FULL REVIEW: 2018 RZR XP TURBO EPS DYNAMIX EDITION SxS. NEAR PERFECTION.

FULL REVIEW: 2018 RZR XP TURBO EPS DYNAMIX EDITION SxS. NEAR PERFECTION.

August 30, 2018 0 By Patricia Garnier

If one day someone told me that a side-by-side would ever be kind of a little trophy truck to ride in trails and off-road, I would have been pretty skeptical. If, in addition, it had been predicted that machines with more than 150 horsepower with suspension of more than 15 inches would be the norm, I would have laughed out loud. But the height of impossibility in my 50-year-old brain, it would  be an electronically controlled suspension with ajustements being made at 200 times per second … Are you kidding me? That’s exactly what I would have said!

Well, it seems that this day has arrived boy and girls! Take the RZR XP1000 Turbo, one of the world’s most performance oriented side-by-side, and give a top of the line suspension that adjusts itself and, finally, Ride Command technology: an engine management system / GPS / onboard cameras for reverse and forward vision / media management / locating your friends / hands-free phone / GoPro management … Wheeeee! I’m winded! Mix it all up and I give you the Polaris RZR XP1000 Turbo Dynamix Edition.

Holy cr*p! They did it! And IT WORKS!

But does it really work? In a word, YES! But that would only make your mouth water without being able to feel anything  wouldn’t you say? It was absolutely necessary that I put my grubby little hands on this beast, whatever the cost.

This is where Mike Barbour, the owner of Moto Gatineau comes into play.  He just let us pick up his own Dynamix just to satisfy our curiosity. We rode it before he did!, Jump in the Pick-up, trailer on and we are heading for the Club Quad Outaouais trails, in the province of Quebec.

Engine

The latest generation of the 925 cc turbocharged ProStar parallel twin is simply breathtaking!  A real monster with 114 lb-ft of torque! I kid you not, this engine is stellar both in performance and technology.

The power is felt from 3000 rpm and come in hard at 5000 rpm. Accelerations with the pedal on the floor are insane! This thing is not for novice or inexperienced drivers! ! Even the Can-Am Maverick X3 Turbo R does not have as much power in the midrange!

It’s only around 7500 rpm that the power drops and when you get there, you will have easily exceeded 100 kph. I love this engine, it makes mechanic’s heart hum. An impeccable mapping with no dead spots through the rev range. It sounds like magic created by Polaris’ engineers. At trail speed, it’s astoundingly silent. But put you foot to the floor and you’ll get a ferocious and very intoxicating roar, without being unpleasant after several minutes.

My biggest disappointment on the auditory side is the turbo. We don’t hear it at all. I even wondered if there was actually a turbocharger on our test unit. Yes, it is there, bolted to the exhaust manifold, but I can’t hear it at all.

One point I noticed: the gas consumption. If you ride in the federated trails, it’s not worse than a non-turbo XP 1000. But when you play hard, the huge 35,9 liters fuel tank quickly dry out. A jerrycan would be a good idea for long distance travel, just in case your right foot gets heavy. Walking back for gas is no fun!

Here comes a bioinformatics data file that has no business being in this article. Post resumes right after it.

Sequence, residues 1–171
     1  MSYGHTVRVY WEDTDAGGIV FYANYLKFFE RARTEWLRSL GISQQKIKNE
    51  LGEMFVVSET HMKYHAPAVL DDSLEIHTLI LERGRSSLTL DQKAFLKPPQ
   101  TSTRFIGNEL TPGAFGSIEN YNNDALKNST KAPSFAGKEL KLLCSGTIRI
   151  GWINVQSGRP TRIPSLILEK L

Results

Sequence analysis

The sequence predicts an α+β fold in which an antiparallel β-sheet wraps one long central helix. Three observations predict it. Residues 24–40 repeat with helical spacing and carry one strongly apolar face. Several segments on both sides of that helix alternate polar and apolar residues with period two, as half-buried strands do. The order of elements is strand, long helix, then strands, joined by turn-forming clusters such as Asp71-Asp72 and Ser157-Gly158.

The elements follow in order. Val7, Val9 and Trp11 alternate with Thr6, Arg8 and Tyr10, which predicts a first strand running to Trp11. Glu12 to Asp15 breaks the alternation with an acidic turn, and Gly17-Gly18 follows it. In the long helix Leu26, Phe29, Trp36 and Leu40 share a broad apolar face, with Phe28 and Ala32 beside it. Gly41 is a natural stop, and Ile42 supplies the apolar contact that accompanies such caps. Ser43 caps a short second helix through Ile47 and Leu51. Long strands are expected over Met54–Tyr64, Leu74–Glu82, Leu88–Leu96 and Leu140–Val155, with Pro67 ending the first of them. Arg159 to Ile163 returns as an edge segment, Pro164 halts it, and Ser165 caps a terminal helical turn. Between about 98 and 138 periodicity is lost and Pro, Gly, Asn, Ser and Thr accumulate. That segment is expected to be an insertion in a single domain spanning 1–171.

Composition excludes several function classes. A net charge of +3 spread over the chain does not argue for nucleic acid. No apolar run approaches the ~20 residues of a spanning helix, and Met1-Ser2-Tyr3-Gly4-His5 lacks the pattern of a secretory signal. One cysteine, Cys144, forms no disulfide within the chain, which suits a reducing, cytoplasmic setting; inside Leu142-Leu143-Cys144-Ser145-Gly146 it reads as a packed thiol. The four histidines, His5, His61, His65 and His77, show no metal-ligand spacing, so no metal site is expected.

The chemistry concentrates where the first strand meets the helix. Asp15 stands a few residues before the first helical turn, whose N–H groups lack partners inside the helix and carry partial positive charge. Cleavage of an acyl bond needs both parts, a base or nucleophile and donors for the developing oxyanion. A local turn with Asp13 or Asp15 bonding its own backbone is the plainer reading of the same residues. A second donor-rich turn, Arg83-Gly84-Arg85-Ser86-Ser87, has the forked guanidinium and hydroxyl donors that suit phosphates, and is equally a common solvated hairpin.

CVT / TRANSMISSION / DRIVETRAIN

About the CVT, the calibration is right on with a good initial engagement and a consistent under full accelaration. I would have liked it a bit more aggressive with a steeper helix, but it’s quite okay. This CVT isn’t noisy when it is warmed up but when cold, you can hear it  moan a little.  The case’s ventilation seems to me to be well designed, to avoid belt overheating when the clutch is heavily solicited. On the transmission side, like other models of the RZR family, I am a little disappointed. The gear shift lever is sloppy and imprecise, especially when you have to maneuver and select the reverse gear, then switch to HIGH and return to reverse. It’s an exercise of patience trust me. You have to count the clicks mentally or look at the dashboard to see witch ratio has been selected. I find it quite obsolete on a machine in this price range. For the rest, everything works great. No more annoying mechanical noises when releasing the throttle pedal and then reapplying slightly, as it was the case with the first generation RZR XP1000.

No 4×4 here, ladies and gentlemen! This is an integral traction system. In the case of the Dynamix, this is one of its strengths. When cornering, the front differential will be engaged as soon as the system perceives a loss of grip out back and its operation is almost imperceptible. Differentials are now factory reinforced and work almost silently.

Now I’m impressed! Not bad at all, but I’m wondering when there will be a lockable mode on the front? Please? Now that Can-Am has done it, I expect the same thing from Polaris and in the near future.

STEERING / SUSPENSION / BRAKES

We will spend a little more time here than the usual since the great novelty of this model is the Dynamix active suspension.

But what is a Dynamix suspension? The easy answer is that it is an active, computer-controlled suspension that will automatically adjust to the different types of terrain and conditions. The driver has only one thing to do: choose one of  three modes via a selector on the dashboard (Hard, Sport or Comfort mode).

Developed by the American firm Fox, which is one of the largest suppliers of off-road shock absorbers in the world, this system is one of the most sophisticated on the planet. The central computer is constantly listening for the following variants at a rate of 200 times per second:

  • Speed ​​
  • Throttle position
  • Brake pedal
  • Steering wheel position
  • Vehicle orientation

What does that mean for you? Stability like you’ve never imagined possible offroad. No, this is no joke, it really works! Accelerate from a stop and the rear suspension will stiffen to help put the power to the ground. Then, brake hard at high speed and the front shocks will stiffen to eliminate nose dive. It’s very impressive and at first use quite disconcerting when you expect nosedive or body rool and… nothing happens.